Proper Meats.—Boiled or roasted meats are best for children; fried, broiled, stewed or minced are less proper.

Regulation of Food.—Solid animal food is improper for young children, as they do not sufficiently masticate it, and it produces irritation in stomach and bowels. Too much food is generally given to infants, but they ought to be left to their own discretion or inclination as to the quantity.

Sleep.—The infant ought to be allowed to sleep and wake whenever it pleases. All violent rocking in chairs, cots or cradles is injurious to the brain and to the general health.

Position in Bed.—It ought to be placed on the right side in bed, to facilitate the passage of the milk or food from the stomach into the bowels. It may also be turned on the left side, and of all positions the back or face is the worst.

Clothing.—The clothing should always be suited to the season, so that exposure to cold and damp should be avoided. Exposure to cold and improper food are the most prolific causes of diseases of infants. It is computed that half mankind perish from cold before the end of the third year.

Air and Exercise.—Air and exercise in the nurse's arms, or in a carriage, or on foot, are as necessary for children as for adults.

How to Exercise.—An infant is exercised by being carried in the arms, rocked in a cot or cradle, by rubbing its body or limbs at the time of dressing or stripping, by dandling, by its laughing and crying, by riding in a carriage, by crawling, walking, jumping, running, dancing, and so forth.

Walking Period.—The infant finally acquires power to assume the erect position, to stand alone, walk along chairs, and so forth, when it ought to be carefully watched and assisted.

Place on the Floor.—It ought to be placed on the carpet, with its toys about it, when it will move about to collect them.

Danger from Falls.—It is now exposed to falls and injuries, which often destroy its life.

Cleanliness.—Cleanliness and bathing are essential to infants. Frequent washing with tepid water, either locally or generally, is highly beneficial. This is beneficial at all times, and indispensable in cold weather. Cold bathing is now universally condemned for delicate or feeble children.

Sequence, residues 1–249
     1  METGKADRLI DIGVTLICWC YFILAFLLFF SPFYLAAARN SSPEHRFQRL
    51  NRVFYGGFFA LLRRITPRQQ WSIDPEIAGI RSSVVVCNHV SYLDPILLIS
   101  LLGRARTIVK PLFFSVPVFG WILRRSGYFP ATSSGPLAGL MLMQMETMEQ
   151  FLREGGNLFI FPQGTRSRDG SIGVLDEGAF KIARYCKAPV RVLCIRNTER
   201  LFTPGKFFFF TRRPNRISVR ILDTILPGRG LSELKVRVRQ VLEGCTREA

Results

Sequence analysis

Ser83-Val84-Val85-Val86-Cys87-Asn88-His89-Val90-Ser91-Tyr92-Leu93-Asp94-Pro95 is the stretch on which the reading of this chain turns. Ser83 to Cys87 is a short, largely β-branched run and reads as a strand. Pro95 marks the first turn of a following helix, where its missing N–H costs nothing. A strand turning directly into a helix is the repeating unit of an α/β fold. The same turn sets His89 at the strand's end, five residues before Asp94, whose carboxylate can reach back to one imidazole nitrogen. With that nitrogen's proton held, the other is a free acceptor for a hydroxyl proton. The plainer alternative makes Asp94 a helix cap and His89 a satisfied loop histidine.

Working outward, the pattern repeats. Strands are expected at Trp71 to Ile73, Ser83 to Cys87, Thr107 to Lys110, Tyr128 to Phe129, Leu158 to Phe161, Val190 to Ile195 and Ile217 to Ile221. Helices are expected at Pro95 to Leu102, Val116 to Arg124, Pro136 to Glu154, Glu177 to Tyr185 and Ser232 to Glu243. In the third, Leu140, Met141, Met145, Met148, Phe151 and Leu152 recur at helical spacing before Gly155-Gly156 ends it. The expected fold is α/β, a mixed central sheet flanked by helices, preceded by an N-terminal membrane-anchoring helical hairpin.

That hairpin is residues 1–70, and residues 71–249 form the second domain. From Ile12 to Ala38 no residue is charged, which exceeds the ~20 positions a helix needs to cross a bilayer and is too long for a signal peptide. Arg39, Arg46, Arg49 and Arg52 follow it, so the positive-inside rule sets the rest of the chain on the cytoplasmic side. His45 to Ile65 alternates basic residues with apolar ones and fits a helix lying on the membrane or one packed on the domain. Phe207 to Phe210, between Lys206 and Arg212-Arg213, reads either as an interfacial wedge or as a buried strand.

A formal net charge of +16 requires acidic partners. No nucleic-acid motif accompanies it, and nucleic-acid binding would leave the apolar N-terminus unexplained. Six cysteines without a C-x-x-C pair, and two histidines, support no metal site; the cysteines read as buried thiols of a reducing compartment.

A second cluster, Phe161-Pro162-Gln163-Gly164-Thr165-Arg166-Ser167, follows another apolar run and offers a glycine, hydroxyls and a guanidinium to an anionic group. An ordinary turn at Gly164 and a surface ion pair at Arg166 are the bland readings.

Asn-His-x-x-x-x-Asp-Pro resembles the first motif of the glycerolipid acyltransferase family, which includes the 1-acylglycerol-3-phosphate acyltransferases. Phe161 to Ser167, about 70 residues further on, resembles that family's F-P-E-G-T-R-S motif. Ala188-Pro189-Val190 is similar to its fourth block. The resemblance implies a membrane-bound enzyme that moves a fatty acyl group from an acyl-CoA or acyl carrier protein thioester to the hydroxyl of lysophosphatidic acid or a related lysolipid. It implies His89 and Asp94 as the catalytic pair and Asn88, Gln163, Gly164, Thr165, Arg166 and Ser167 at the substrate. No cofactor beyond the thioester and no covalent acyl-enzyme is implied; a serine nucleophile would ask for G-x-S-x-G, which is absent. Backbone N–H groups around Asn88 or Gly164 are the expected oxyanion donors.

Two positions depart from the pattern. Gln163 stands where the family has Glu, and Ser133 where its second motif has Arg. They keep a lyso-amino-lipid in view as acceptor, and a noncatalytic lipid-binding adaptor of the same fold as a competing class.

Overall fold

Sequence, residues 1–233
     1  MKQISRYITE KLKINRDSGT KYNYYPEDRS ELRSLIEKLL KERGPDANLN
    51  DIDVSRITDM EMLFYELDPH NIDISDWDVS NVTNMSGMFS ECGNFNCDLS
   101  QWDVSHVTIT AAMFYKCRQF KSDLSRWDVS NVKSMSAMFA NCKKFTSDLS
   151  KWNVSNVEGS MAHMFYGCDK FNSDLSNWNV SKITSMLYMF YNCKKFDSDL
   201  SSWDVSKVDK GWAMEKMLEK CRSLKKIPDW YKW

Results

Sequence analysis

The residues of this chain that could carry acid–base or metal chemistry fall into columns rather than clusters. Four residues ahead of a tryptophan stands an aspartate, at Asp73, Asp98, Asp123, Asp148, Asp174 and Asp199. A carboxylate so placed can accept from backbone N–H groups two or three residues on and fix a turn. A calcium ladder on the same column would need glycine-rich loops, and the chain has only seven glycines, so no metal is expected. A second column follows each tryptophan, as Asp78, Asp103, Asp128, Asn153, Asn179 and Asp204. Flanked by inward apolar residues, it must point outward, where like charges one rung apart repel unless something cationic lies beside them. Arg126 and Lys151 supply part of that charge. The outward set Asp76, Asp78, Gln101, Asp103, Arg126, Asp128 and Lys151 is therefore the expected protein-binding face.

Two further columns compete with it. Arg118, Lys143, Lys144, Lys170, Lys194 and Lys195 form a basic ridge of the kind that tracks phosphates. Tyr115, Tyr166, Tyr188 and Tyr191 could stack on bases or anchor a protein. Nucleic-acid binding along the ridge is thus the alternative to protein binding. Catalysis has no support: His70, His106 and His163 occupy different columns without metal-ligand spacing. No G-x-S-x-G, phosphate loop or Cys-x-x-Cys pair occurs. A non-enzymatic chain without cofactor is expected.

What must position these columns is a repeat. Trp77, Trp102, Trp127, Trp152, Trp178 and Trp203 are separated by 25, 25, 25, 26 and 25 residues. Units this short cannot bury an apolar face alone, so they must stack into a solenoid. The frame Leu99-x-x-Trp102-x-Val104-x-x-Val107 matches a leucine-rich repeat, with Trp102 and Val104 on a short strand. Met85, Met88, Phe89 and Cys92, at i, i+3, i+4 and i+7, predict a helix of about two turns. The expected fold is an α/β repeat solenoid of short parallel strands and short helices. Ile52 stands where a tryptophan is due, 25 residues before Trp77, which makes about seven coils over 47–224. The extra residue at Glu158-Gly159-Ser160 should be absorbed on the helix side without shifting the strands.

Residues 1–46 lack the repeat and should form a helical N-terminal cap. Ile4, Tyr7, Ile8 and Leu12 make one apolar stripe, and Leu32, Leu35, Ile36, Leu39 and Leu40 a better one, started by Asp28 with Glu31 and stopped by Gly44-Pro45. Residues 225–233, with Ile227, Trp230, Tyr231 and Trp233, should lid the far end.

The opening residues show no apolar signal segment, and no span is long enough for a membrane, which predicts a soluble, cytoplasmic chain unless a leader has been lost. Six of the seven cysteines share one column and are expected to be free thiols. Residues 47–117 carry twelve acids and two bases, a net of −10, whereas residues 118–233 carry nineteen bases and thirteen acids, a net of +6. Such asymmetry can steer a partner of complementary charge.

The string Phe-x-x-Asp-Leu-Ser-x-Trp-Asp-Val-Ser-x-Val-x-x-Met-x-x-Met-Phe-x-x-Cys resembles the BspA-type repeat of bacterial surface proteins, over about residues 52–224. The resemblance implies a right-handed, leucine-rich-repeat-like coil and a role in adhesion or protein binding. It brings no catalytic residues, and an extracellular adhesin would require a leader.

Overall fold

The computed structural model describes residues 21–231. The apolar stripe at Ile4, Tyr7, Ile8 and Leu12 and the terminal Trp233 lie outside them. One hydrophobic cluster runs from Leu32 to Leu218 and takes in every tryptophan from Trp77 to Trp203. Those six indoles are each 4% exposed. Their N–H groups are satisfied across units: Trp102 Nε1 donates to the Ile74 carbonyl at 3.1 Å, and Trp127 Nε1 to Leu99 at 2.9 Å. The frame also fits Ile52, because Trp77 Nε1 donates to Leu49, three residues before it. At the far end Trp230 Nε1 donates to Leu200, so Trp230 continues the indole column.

Hardening.—Exposure to the air is necessary, but hardening, as it is properly termed, is most injurious, and often induces fatal inflammations of the respiratory organs. The clothing should always prevent the bad effects of the weather.

Teething.—Dentition or teething is a natural process, and unaccompanied by pain when the infant is in perfect health and properly managed as regards diet, clothing, cleanliness, sleep, air, exercise, and so forth. But it is in general a painful process, as few infants are properly managed or brought up by mothers or nurses, and very few are in good health.

Incision of Gums.—Incision of the gum over a projecting tooth is highly beneficial. Other diseases, which are sympathetically excited by teething, as cough, diarrhoea, and so forth, are to be treated on ordinary principles.

Vaccination.—Every healthful infant ought to be vaccinated after the sixth week, to prevent the danger and mutilations caused by small-pox, and too often death itself.

Kindness.—Children ought to be treated with kindness, and all corporeal chastisement avoided until reason is developed. "Spare the rod and spoil the child," is now an obselete maxim. Moral management is universally preferred by all enlightened individuals.

Severity.—Severity towards children is cruel and most injudicious. When correction is necessary, it should be inflicted with regret and gentleness, and never with a display of anger.

Jealousy.—A feeling of jealousy ought never to be allowed to exist between children; there should be no marked preference.

Diseases.—The infantine constitution is frail, and easily injured by external agents, and hence the frequency of diseases. The diagnosis of these complaints is difficult, as the sufferer cannot, in some cases, give any, and in others, a proper account of the symptoms.

Education.—Literary education ought not to be commenced until the age of six or seven years; but the nature and uses of external objects should be always explained to children.

Infant Schools.—Infant schools are very superior to the old-fashioned establishments, as they combine exercise, amusement and competition with instruction.

Picture Knowledge.—Much knowledge may be communicated by the representations of pictures or figures of birds, beasts, fishes, insects, herbs, trees, fruits and mechanical inventions.

Regard for Truth.—The utmost regard for truth, and abhorrence of falsehood, should be always inculcated.

Candor.—An open and candid disposition ought to be applauded, and an acknowledged fault rebuked with mildness and then forgiven.

Questions and Answers.—All questions put by children ought to be clearly answered, and the nature of surrounding objects explained to them correctly.

Behavior.—An affable, modest and polite behavior should be cultivated and applauded.

Memory.—The memory and intelligence must not be too much excited, as disease of the brain and bad health may be rapidly induced.

Prodigies.—Children who are prodigies in learning, music and other pursuits, are generally destroyed by premature disease in the brain, water in the head, and many other complaints.

Countenance.—They should be taught to maintain a lively and cheerful countenance.

Speaking.—Attention should be paid to a correct articulation and pronunciation.

Hurting.—They ought to be constantly cautioned against hurting themselves with surrounding objects, and the danger, pain, and bad consequences explained to them.

Treatment of Diseases.—The greatest judgment is required in treating the diseases of children, and medical aid ought to be procured whenever it can be obtained. The science and practice of infantile medicine require deep study and extensive observation.